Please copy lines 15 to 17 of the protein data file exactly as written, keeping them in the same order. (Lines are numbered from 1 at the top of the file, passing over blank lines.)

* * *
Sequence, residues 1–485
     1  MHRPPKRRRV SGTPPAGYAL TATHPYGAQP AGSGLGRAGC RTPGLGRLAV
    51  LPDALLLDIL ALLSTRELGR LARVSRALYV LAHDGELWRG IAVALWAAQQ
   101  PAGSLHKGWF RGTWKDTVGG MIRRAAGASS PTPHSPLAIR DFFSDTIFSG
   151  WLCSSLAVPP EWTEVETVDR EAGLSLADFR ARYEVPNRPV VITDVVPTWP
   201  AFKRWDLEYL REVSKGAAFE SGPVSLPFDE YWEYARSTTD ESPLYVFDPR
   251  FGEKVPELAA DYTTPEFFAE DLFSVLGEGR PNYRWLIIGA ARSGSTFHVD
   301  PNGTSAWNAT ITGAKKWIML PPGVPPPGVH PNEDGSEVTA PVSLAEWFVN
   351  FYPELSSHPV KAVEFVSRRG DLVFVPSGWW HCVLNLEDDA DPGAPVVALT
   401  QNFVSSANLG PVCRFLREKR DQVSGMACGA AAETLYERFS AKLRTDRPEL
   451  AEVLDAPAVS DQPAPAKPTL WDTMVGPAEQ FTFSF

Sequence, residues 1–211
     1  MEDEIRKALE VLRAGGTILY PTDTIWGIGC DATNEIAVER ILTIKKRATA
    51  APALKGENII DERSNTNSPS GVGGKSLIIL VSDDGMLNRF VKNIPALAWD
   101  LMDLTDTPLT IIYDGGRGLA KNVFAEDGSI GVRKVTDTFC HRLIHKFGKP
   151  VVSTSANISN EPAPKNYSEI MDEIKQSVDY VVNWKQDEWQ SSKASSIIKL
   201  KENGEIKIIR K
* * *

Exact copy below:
   101  LMDLTDTPLT IIYDGGRGLA KNVFAEDGSI GVRKVTDTFC HRLIHKFGKP
   151  VVSTSANISN EPAPKNYSEI MDEIKQSVDY VVNWKQDEWQ SSKASSIIKL
   201  KENGEIKIIR K